13. Linkage -A municipality requires the provision of affordable housing in return for a permit to build certain types of development. The concept is that there is a link between the construction of offices and/or industrial facilities and the need to accommodate workers.
14. Manufactured Housing Subdivision - With improved construction quality in recent decades, manufactured housing provide viable option for people seeking affordable homeownership opportunities. Towns can develop design standards for manufactured housing to ensure quality design and siting.
15. Parking Space Allotment - Reducing the requirements for parking space per unit reduces overall costs. Reductions result in more efficient use of land, more units per site, and more open-space. Particularly effective in multi-family housing when related to the number of bedrooms (i.e. 1.25 spaces for efficiencies, 1.35 for one-bedrooms, 1.5 for 2 bedrooms, etc.)
16. Streamlining of Permit/Review Process - When governments (state and local) can better articulate the ground rules for development, strive to decrease the number of months for approvals, and can consolidate permits, then the costs of development can be decreased.
17. Street Right-of-Way and Pavement Width Reduction - Purpose is to reduce development costs, also including options such as reducing sidewalk requirement from two sides of the street to one and reducing the thickness of pavement.
18. Encourage Non-Traditional Housing Developers - Nonprofit organizations, communities and neighborhood associations are increasingly involved in the rehabilitation and upgrading of older or substandard housing for affordable housing. This private sector solution can be encouraged by reducing regulatory requirements, streamlining the approval process and waiving permit fees. Municipalities can inform these parties of federal and state subsidized housing and financial programs to serve their work.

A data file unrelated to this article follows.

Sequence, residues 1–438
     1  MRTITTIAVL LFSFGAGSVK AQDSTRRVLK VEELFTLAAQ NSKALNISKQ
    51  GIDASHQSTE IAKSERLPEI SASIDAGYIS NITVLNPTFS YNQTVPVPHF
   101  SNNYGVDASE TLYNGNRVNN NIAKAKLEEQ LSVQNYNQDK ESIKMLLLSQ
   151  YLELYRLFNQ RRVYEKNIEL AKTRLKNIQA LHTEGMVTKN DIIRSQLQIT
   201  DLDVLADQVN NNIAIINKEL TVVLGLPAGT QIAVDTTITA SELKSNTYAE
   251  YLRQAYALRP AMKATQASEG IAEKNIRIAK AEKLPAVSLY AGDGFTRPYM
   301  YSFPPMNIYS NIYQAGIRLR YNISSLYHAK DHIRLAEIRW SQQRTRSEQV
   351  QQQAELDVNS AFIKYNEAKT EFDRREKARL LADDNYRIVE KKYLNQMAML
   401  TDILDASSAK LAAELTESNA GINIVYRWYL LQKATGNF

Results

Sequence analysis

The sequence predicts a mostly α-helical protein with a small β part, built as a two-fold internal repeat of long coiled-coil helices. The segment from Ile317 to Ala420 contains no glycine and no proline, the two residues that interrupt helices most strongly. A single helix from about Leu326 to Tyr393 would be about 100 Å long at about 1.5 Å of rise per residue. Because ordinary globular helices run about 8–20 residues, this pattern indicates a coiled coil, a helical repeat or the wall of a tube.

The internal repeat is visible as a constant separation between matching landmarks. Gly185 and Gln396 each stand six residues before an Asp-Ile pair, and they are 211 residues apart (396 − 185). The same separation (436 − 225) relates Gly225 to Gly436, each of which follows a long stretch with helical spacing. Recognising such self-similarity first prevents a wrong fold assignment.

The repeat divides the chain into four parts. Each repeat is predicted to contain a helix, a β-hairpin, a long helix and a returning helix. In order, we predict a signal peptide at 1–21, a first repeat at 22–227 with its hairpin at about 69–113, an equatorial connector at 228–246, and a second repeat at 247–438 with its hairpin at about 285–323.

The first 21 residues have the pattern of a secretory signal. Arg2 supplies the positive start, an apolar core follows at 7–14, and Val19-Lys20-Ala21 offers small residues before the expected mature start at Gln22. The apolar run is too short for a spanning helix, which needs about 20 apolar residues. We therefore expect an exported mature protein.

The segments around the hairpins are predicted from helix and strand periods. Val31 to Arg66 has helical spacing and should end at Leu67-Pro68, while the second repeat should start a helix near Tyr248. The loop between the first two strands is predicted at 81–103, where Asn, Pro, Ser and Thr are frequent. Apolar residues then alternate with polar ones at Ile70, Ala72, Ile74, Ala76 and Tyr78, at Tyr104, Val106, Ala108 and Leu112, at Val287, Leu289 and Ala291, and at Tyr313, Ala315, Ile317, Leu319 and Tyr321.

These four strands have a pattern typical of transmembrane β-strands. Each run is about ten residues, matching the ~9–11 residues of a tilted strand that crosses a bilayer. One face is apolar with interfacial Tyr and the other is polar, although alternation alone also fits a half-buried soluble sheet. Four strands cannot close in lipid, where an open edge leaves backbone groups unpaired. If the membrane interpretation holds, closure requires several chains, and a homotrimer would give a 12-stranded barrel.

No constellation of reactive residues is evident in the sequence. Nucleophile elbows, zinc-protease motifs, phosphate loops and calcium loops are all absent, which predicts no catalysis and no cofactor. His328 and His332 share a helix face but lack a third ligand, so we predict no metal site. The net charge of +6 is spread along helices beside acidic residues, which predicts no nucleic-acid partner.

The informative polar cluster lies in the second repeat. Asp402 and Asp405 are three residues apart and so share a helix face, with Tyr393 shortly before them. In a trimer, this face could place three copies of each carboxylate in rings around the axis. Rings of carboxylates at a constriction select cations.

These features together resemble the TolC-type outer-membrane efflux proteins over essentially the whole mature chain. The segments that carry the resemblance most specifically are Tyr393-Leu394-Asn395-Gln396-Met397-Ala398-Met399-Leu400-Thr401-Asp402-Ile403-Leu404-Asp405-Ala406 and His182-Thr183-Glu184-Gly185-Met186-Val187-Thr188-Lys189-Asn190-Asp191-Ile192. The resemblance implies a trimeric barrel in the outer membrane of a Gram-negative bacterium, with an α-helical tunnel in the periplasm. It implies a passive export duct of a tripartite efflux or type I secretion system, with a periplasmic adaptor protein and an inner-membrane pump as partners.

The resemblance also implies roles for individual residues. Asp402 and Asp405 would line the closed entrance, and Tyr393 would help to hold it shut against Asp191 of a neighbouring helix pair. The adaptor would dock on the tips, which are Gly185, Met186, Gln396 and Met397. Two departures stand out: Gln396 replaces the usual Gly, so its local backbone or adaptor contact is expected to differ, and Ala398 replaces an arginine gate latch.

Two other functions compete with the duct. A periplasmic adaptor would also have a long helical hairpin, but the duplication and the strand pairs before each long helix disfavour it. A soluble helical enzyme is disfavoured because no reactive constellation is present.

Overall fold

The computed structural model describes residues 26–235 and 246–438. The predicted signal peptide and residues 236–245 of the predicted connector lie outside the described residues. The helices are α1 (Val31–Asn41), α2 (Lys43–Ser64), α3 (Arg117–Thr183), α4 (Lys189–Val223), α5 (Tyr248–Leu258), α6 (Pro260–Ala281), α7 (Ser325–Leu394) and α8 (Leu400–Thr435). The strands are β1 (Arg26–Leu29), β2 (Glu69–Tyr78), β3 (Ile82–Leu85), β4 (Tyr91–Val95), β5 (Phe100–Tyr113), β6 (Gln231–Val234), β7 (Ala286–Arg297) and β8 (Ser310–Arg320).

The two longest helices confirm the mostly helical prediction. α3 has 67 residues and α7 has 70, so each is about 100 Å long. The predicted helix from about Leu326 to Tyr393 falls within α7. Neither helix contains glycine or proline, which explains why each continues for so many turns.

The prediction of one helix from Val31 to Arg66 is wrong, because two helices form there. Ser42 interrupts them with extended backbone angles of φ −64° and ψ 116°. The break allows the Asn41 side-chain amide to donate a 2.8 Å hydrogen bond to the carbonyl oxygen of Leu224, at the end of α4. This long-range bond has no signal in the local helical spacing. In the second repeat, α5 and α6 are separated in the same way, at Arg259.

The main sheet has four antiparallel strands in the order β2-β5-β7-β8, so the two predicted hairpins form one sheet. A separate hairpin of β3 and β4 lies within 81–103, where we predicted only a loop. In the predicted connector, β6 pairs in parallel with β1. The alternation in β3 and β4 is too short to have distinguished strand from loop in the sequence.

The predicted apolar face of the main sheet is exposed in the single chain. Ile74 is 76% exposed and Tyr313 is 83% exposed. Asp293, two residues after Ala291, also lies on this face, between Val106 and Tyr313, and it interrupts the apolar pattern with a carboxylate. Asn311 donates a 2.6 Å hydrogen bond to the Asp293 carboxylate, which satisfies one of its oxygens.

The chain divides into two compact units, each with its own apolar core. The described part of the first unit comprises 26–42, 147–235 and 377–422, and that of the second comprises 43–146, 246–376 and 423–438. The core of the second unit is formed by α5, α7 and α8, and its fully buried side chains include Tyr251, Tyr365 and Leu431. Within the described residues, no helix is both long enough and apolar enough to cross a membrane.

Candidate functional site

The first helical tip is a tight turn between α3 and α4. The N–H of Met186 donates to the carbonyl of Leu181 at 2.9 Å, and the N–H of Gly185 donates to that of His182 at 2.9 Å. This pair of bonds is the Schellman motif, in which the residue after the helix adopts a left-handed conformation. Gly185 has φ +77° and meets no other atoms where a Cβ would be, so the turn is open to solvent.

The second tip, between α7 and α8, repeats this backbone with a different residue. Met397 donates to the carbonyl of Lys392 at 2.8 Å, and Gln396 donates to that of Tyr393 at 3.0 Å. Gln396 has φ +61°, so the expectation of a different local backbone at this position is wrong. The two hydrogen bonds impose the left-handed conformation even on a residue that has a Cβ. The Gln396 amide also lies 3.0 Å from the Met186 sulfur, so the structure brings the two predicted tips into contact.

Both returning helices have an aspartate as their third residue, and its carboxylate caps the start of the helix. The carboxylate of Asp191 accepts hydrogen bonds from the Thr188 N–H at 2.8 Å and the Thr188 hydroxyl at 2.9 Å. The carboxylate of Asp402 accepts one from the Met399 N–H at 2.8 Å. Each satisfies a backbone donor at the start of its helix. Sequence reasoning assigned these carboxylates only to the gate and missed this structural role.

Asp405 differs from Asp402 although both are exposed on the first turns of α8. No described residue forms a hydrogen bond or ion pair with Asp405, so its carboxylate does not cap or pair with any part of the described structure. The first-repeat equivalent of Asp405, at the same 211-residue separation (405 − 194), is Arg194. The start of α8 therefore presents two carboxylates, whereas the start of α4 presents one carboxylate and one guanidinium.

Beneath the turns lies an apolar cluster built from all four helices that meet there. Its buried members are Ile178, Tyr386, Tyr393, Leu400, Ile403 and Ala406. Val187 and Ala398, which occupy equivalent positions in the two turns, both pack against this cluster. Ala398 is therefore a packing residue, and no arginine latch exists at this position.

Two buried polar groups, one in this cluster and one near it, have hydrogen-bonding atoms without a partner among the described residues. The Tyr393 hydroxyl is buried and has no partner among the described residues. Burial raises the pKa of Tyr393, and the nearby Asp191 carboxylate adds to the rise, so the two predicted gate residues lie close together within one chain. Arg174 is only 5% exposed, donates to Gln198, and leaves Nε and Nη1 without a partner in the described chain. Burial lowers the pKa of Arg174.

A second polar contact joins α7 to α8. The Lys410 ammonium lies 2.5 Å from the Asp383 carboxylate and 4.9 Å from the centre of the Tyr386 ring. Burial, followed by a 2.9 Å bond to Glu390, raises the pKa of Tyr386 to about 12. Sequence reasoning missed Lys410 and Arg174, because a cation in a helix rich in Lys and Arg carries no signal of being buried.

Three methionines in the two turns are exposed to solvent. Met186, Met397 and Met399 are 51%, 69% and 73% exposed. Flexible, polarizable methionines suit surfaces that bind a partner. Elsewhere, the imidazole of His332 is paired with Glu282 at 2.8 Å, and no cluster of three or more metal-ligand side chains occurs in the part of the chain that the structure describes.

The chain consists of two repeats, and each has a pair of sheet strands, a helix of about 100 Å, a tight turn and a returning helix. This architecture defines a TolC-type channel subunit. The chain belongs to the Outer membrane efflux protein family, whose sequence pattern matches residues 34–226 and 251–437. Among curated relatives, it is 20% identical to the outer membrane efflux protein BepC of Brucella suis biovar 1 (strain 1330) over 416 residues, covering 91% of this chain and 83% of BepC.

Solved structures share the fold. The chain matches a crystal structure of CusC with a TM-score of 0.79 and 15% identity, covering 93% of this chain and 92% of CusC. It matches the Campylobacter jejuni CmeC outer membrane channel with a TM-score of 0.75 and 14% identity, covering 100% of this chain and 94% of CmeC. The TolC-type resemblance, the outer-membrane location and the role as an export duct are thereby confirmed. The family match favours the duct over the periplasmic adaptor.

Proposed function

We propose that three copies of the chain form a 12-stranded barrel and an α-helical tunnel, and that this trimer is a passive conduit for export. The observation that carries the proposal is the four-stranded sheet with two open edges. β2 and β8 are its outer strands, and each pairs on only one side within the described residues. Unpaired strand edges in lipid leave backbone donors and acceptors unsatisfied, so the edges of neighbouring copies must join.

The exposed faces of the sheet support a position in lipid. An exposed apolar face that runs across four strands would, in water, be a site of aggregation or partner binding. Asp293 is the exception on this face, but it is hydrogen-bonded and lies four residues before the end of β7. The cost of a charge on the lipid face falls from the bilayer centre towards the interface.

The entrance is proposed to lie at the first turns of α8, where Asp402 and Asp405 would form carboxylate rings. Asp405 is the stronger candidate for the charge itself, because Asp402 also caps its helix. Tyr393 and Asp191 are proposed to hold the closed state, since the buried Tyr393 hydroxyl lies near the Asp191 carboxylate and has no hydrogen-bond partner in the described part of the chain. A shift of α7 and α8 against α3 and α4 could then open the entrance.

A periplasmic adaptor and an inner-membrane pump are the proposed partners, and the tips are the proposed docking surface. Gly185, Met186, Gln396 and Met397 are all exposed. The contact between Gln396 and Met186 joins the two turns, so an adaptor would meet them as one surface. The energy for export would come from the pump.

19. Infrastructure Investment - Expansion of water and sewer service areas and/or allowing community water or septic systems in appropriate areas provides alternatives for developers whose cost rise dramatically with the need for wells and private septic systems.
Affordable Housing in the Seacoast: Needs and Options for Action by Susan Werner Thoresen. For the United Way of the Greater
Seacoast, January 1987.
Rockingham Planning Commission Housing Policies, revised 9/2001: (603) 778-0885
Strafford Regional Planning Commission: (603) 742-2523
Congress for the New Urbanism: www.cnu.org
For more information about the Workforce Housing Coalition of the Greater Seacoast,
contact us at: (603) 766-3131 or email@example.com .